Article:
Tory crackdown on gender reform suggests government might ‘take away rights altogether’, trans dad fears
Author: Maggie Baska
Journalist and advocate Freddy McConnell thinks UK gender law is weird, outdated and problematic – but fears that the Tories could use any attempted reform to strip trans people of their rights.
Freddy McConnell documented his experience of becoming pregnant and giving birth as a trans man for the BBC, and later fought in the UK Supreme Court for the right to be registered as his child’s “father” or “parent” on their birth certificate.
His case was unsuccessful, but as a result, McConnell is more knowledgeable on the nuances of gender recognition legislation than most.
For the first two years of his transition, McConnell didn’t know what the law said, because “no one explained it to [him]” at the gender identity clinic he went to. That changed when he decided to start a family after starting his medical transition in 2013.
“I decided to get my affairs in order to prepare for a big life change,” he says. “By that point, I’d heard of a GRC [Gender Recognition Certificate]. I naively thought that it would protect my identity as a parent – I obviously know now that’s not true.”
Currently, trans people in the UK can apply for a GRC under the Gender Recognition Act (GRA). They must submit evidence including two separate medical reports, showing a diagnosis of gender dysphoria and details of any gender-affirming treatment or lack thereof. They must also prove, somehow, that they have lived in their affirmed gender for the previous two years.
As well as birth certificates, a GRC allows a trans person’s gender to be recorded on their marriage, civil partnership and death certificates.
It doesn’t, as Freddy discovered, give trans parents the right to be recorded properly on their children’s birth certificates – the parent who gives birth can only be registered as “mother”. Nor does it have anything to do with access to single-sex spaces like bathrooms – trans people have the right to access facilities regardless of whether they have a GRC.
Even when Freddy applied for his GRC, he remembers “still not really knowing much about the process”, to the point that he was surprised when he received a new birth certificate at the end of it.
It open his eyes to how “weird” the gender recognition system is; it was the first time he realised the legislation originally was “designed to make trans people invisible, to make them blend in with cis people, erasing our history and lived realities”.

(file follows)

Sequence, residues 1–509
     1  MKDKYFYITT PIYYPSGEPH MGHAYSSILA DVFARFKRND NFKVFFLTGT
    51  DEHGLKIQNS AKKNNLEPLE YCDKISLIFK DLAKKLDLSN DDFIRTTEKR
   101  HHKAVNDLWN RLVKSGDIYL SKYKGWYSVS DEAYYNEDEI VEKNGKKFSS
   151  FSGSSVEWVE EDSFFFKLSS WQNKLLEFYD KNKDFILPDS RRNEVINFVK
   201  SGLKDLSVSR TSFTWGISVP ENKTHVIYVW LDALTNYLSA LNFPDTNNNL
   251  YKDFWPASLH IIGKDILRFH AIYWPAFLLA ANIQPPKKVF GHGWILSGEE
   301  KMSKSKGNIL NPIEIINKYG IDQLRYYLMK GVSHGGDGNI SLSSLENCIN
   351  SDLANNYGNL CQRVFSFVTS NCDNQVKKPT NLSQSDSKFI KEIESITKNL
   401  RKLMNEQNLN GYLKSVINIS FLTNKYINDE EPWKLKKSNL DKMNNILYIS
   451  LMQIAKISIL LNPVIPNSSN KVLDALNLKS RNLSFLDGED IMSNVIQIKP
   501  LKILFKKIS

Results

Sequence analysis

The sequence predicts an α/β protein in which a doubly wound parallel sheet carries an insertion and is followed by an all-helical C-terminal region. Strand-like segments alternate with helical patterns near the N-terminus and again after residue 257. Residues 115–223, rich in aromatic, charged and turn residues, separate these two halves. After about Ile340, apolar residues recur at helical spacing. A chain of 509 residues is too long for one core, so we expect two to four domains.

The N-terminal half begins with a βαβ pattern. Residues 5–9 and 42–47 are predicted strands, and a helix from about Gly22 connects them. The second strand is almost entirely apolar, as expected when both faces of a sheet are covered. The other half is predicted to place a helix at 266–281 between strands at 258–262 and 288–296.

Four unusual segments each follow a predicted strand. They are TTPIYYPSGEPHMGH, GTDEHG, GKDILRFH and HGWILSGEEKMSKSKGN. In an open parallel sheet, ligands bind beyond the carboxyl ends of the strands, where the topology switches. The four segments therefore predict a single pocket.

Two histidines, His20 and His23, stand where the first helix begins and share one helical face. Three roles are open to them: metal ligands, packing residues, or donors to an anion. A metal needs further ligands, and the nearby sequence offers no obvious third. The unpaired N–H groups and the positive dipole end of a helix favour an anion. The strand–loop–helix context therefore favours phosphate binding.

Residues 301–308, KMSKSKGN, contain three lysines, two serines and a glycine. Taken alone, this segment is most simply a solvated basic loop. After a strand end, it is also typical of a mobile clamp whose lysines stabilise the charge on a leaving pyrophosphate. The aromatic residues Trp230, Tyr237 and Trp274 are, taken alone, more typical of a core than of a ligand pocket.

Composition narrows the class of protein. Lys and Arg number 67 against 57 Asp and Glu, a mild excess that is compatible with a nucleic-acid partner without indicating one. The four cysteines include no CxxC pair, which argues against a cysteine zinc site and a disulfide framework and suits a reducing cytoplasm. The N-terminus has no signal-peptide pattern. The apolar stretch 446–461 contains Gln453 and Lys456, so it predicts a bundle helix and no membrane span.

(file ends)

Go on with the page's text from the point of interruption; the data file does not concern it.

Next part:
“I didn’t necessarily want that,” he says. “I think it’s useful to have a new birth certificate. It keeps you safer in certain situations, but I think most trans people nowadays are not interested in erasing their past.”
He finds the GRA “incredibly problematic on that basis”, but think it’s “symptomatic of a bigger problem” around discussions of the lives of trans people in the UK.
“In the NHS systems, I’m listed as male, which is what I want,” he explains. “But it means I don’t get accurate reproductive health advice and I have to jump through tons of hoops to get a cervical screening whenever I’m supposed to get it.’
Anyone with a cervix between ages 25 and 64 is eligible for cervical screening, which includes many trans men and non-binary people. However, historically, trans and non-binary people in the UK face barriers to accessing such crucial healthcare through the NHS.
This includes reminders for screenings not being sent out to some because NHS systems fail to recognise trans masculine or non-binary people with a cervix as well as lack of information or concerns around gender dysphoria in relation to such treatment.
He continues: “You can’t just pretend that trans people are cis. You can’t squeeze us into systems that aren’t designed to cope with us. It’s going to make everything messy and put trans people at risk. Of course, things like this are never mentioned in media coverage because journalists rarely seek out our perspectives.”
McConnell says the GRA was toasted as “pioneering” back in 2004, in comparison to other countries where there are requirements for trans people to be sterilised or undergo other medical treatments if they want to have their gender legally recognised.
He believes it’s now an “outdated piece of legislation”, but that reform carries its own risks.
Theresa May had pledged to remove the medical requirements from the process, to make it easier for trans people to access a GRC. But those plans were abandoned by then-equalities minister Liz Truss, during Boris Johnson’s premiership.
In Scotland, Nicola Sturgeon decided to use devolved powers to enact reforms. But after the Scottish parliament voted through a bill that would have simplified the gender recognition process, the UK government took the unprecedented step of vetoing it.
Now, the topic of gender recognition is being debated in newspapers and on television on an almost daily basis.
It “stresses” Freddy out to think of how this could lead to the Tory government imposing tighter requirements for trans people in the future.
“On one hand, I think the GRA is now a backward and outdated piece of legislation,” McConnell says. “However, given the current government, with its lack of regard for global human rights protections and norms, I’m deeply worried about any attempts to properly update it because of the panic and cynicism we’ve seen whipped up over quite modest reforms.”
He adds: “If enough trans-exclusionary Tory MPs and their Labour allies realise that there is currently no requirement for any medical treatment – even hormonal treatment – in the GRA, they might say, ‘We must ignore 20 years of progress and take their rights away altogether!’”
Actual Story on Pink News
Author: Maggie Baska